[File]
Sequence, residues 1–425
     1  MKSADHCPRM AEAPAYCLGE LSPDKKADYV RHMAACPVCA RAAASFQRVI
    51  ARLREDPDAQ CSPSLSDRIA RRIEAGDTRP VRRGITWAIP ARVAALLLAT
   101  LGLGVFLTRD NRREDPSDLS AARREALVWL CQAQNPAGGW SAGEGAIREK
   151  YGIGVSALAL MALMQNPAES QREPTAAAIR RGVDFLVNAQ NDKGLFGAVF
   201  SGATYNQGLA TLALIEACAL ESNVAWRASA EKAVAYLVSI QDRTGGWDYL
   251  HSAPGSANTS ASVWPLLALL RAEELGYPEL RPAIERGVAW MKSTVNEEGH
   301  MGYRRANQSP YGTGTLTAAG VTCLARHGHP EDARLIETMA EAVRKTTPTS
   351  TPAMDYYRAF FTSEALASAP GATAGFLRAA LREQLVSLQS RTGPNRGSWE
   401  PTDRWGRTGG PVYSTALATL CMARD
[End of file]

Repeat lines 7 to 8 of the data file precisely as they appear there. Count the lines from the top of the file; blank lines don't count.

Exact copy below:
   251  HSAPGSANTS ASVWPLLALL RAEELGYPEL RPAIERGVAW MKSTVNEEGH
   301  MGYRRANQSP YGTGTLTAAG VTCLARHGHP EDARLIETMA EAVRKTTPTS